Just among Friends
Wednesday, February 6, 2013 12:00 AM
The Rev. Fred Britton began our revival services at First United Methodist Church by sharing the Wesley Covenant Prayer.
The prayer was adapted by the Rev. John Wesley, British founder of Methodism, in 1753 from a Puritan text written almost one hundred years earlier, and has been used since 1753 in a Covenant Renewal Service.
"Heavenly Father, I am no longer my own, but yours. Put me to what you will, rank me with whom you will. Put me to doing, put me to suffering. Let me be employed for you or laid aside for you, exalted for you or brought low for you. Let me be full, let me be empty. Let me have all things, let me have nothing. I freely and wholeheartedly yield all things to your pleasure and disposal. And now, glorious and blessed God, Father, Son, and Holy Spirit, you are mine and I am yours. So be it. And the covenant now made on earth, let it be ratified in heaven. Amen."
Our visiting minister, Sam Morris, linked the beginning of his teen-age ministry to Neshoba County, by saying, "I could go to Ford's Store on Saturday mornings and see half of my congregation."
His love and passion for spreading God's word has led him to an active ministry in the Holy Land.
In one story he told, he compared one person's seemingly impossible feat in straightening out our troubled, mix-up world, to standing at the edge of a raging ocean with a bucket, intent on emptying the ocean.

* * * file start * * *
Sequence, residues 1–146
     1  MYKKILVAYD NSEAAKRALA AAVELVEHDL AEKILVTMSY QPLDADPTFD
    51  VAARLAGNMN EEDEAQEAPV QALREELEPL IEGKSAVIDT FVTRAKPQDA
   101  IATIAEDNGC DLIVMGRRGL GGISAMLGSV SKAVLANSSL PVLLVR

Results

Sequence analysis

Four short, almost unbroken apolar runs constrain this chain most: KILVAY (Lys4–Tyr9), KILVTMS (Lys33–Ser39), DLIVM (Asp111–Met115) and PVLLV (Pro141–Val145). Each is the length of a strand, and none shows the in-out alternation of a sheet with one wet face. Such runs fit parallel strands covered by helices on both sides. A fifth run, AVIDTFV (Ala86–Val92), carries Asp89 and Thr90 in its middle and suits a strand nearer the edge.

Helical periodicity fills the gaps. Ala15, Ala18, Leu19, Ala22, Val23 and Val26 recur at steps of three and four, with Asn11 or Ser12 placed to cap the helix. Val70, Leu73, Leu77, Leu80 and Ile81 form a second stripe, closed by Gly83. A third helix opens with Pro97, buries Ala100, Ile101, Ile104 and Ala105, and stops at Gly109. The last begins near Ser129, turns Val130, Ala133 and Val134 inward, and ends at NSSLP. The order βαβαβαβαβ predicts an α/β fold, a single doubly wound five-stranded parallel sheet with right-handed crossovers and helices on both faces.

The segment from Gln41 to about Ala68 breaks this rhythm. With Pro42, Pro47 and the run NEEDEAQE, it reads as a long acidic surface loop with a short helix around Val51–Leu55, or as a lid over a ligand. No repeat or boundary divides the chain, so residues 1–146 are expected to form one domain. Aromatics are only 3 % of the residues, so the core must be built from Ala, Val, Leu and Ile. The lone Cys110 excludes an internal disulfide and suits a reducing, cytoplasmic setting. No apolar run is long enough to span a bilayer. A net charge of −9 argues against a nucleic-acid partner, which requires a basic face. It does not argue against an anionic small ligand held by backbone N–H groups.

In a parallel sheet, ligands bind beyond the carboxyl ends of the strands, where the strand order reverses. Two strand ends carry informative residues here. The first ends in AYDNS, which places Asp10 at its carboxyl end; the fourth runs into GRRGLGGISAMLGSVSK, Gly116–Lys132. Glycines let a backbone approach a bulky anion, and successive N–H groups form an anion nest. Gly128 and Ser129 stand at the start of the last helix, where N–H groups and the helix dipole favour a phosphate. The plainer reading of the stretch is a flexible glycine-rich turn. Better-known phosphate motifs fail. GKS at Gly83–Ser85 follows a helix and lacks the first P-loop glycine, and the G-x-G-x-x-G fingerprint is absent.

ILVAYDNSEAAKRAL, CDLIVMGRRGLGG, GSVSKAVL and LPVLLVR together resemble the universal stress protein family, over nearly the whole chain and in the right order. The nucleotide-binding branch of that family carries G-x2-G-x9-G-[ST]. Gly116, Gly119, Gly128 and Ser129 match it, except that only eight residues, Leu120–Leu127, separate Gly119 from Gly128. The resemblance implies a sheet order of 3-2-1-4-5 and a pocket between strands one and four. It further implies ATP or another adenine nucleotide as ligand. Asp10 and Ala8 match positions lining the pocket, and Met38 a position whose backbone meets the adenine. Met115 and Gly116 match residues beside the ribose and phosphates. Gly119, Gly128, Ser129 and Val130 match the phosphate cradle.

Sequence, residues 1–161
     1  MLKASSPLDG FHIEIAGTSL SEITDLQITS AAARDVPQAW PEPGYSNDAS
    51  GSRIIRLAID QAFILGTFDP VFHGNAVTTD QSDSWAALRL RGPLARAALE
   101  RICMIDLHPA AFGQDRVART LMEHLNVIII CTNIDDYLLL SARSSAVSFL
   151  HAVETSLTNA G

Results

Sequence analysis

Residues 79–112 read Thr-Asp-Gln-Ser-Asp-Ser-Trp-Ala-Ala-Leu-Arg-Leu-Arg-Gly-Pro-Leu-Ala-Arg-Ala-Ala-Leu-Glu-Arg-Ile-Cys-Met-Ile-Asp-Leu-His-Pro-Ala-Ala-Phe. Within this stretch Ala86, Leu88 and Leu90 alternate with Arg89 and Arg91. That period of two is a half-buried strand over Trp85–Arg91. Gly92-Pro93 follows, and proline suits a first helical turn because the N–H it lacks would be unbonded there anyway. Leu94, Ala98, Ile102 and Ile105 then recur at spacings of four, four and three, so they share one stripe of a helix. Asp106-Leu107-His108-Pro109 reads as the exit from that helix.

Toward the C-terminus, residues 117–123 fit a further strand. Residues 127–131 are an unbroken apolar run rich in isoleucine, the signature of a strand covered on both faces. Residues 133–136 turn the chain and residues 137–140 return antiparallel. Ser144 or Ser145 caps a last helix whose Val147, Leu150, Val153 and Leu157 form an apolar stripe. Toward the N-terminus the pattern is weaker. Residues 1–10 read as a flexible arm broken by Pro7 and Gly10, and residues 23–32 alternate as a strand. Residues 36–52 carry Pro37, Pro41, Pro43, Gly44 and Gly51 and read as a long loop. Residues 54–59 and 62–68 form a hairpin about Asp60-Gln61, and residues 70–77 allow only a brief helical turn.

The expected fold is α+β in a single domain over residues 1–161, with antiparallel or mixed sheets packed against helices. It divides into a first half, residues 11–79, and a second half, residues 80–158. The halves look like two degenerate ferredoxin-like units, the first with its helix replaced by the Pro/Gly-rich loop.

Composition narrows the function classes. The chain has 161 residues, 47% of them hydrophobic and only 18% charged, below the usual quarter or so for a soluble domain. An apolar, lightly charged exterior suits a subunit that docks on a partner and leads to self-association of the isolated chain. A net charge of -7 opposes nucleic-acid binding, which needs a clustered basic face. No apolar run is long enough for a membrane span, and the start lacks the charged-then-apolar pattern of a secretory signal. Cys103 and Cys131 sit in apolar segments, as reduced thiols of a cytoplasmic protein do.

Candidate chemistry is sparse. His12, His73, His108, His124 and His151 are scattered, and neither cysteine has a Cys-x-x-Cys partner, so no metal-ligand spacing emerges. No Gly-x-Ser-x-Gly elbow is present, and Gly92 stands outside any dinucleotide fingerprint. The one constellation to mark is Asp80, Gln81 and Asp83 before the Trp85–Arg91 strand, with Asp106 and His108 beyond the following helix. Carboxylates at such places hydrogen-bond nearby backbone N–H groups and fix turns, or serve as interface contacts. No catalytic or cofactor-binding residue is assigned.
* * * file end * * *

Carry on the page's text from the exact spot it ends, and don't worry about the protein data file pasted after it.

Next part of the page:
"Impossible, yes, but I want to be there with my bucket," Brother Morris said, as a reminder that God has a task for each of us.
TV ads are buzzing about the "Grammy Awards on Feb. 10" and "Oscar Night on Feb. 24," but have I got news for you!
Coming to our very own historic Ellis Theater in downtown Philadelphia is a musical revue, which everyone is sure to enjoy. Entitled, "And the Winner Is - A Night at the Awards," it celebrates the award winning songs from the Oscars, the Grammys, the Country Music Association, the Tonys and the Doves.
This production was arranged and will be directed by Tim Moore, Main Street Director, and Kinsey Goldman, Music Minister at Trinity Baptist Church.
A cast of twenty-six will be there to sing for your enjoyment.
They will be accompanied by Elizabeth Hall, the talented, "Energizer bunny" pianist.
The performance schedule is as follows: Friday, March 8 - 7 p.m.; Saturday, March 9 - 2 p.m. and 7 p.m.; Sunday, March 10 - 2 p.m.
Ticket prices are $15 - Non-Arts-Council Members; $10 - Arts Council Members; $5 - Age 2 - High School Senior, and will go on sale mid-February.
Please call PNC Arts Council at 601-656-9838 for kore information.
James Tyler McNeil was commissioned as a Second Lieutenant in the United States Marine Corps on Saturday, Jan. 12.
USMC Gunnery Sergeant Robertson was in charge of the ceremony which took place in the Paris-Yates Chapel on campus at the University of Mississippi.
Major Thompson of the University of Mississippi Navy ROTC swore Second Lieutenant McNeil into the United States Marine Corps.